Blue carbon is the carbon stored and sequestered in coastal ecosystems such as mangrove forests, seagrass meadows or intertidal saltmarshes. These valuable ecosystems hold vast carbon reservoirs; they sequester atmospheric CO2 through primary production, and then deposit it in their sediments. In fact, most blue carbon is found in the soils or sediments beneath the vegetation.

The rates of carbon sequestration and storage are comparable to (and often higher than) the sequestration rates in carbon-rich terrestrial ecosystems such as tropical rainforests or peatlands. Unlike most terrestrial systems, which reach soil carbon equilibrium within decades, deposition of carbon dioxide in coastal ecosystem sediment can continue over millennia. However, when these coastal ecosystems are degraded or destroyed they can become carbon dioxide sources due to the oxidization of biomass and organic soil.

Because coastal ecosystems do contain substantial amounts of carbon, and because this carbon is in danger of being released, they are important in mitigating climate change. Unfortunately, however, the rate of loss of mangroves, seagrasses and saltmarshes (driven mostly by human activities) is estimated to be among the highest of any ecosystem on the planet, prompting international interest in managing them more effectively for their carbon benefits.

In addition to carbon, coastal ecosystems are highly valuable for a range of services they provide. They protect people from coastal erosion, storms and flooding; also making them valuable for climate change adaptation. They provide food from fisheries, as well as a habitat for juvenile fish to thrive in. They can improve coastal water quality by trapping sediments and nutrients. They can provide revenue from tourism, as well as materials for building or ingredients for medicines. All in all, these ecosystems are highly valuable not only for their contribution to climate change mitigation on a global scale, but also for the many valuable services they provide locally.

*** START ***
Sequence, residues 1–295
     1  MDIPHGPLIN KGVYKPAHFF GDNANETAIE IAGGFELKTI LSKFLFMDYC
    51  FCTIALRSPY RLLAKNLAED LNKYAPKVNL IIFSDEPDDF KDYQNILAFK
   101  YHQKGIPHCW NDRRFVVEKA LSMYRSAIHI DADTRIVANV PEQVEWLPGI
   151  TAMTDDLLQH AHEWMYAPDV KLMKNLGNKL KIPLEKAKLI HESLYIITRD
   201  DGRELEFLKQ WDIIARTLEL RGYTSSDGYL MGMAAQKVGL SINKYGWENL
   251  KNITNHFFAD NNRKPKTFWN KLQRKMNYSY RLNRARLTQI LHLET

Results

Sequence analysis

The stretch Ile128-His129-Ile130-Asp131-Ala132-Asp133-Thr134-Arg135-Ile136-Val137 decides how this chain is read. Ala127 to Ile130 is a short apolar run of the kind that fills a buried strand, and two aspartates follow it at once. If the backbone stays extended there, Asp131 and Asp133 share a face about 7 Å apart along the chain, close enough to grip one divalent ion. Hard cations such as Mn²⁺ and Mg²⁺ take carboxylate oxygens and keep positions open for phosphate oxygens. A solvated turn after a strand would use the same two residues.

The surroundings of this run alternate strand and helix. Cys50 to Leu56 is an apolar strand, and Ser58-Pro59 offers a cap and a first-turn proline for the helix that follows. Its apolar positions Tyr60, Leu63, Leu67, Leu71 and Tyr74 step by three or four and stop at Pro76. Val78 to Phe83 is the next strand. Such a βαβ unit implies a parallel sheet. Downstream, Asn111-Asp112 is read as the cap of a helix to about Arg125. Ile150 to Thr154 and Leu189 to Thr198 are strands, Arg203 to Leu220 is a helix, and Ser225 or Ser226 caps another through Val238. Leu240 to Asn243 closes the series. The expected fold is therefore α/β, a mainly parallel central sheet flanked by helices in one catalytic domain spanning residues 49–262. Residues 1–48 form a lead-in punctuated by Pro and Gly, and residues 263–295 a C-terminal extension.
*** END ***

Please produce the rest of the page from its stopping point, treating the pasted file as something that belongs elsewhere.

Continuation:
Blue car­bon is a new concept that is rapidly growing in the fields of science, conservation and policy. There is a BlueCarbonPortal that  has be­en crea­ted to pro­vi­de a central on­line com­mu­ni­ty re­sour­ce and pro­fes­sio­nal net­wor­king tool to in­crea­se ac­cess to in­for­ma­ion and trans­pa­ren­cy in this emer­ging concept. This portal pro­vi­des a means whe­re all parties can get in­vol­ved regard­less of lo­ca­ti­on and contribute to a truly coordinated and integrated blue carbon community.

The Blue Carbon portal is a great place to explore what is happening internationally, with Australian projects also featured.

Blog piece from the Blue Carbon Portal and Blue Carbon Initiative websites.

Another useful site to explore is the International Blue Carbon Initiative which is a coordinated, global program focused on mitigating climate change through the conservation and restoration of coastal and marine ecosystems. Coastal ecosystems are some of the most productive on Earth. They provide us with essential ecosystem services, such as coastal protection from storms and nursery grounds for fish. We also know that they provide another integral service – sequestering and storing “blue” carbon from the atmosphere and oceans and hence are an essential piece of the solution to global climate change.

  • The Blue Carbon Initiative works to protect and restore coastal ecosystems for their role in reducing impacts of global climate change. To support this work, the Initiative is coordinating the International Blue Carbon Scientific Working Group and International Blue Carbon Policy Working Group, which provide guidance for needed research, project implementation and policy priorities.
  • Projects are being developed at sites globally to protect and restore coastal ecosystems for their “blue” carbon value. Learn more in the Field Work section.
  • Research into the sequestration, storage and loss of carbon from blue carbon systems is ongoing. View recent reports and scientific papers in our Library.

As with the Blue Carbon portal, the Blue Carbon Initiative is also well worth exploring.

This blog piece is using text from the Blue Carbon portal and Blue Carbon Initiative.

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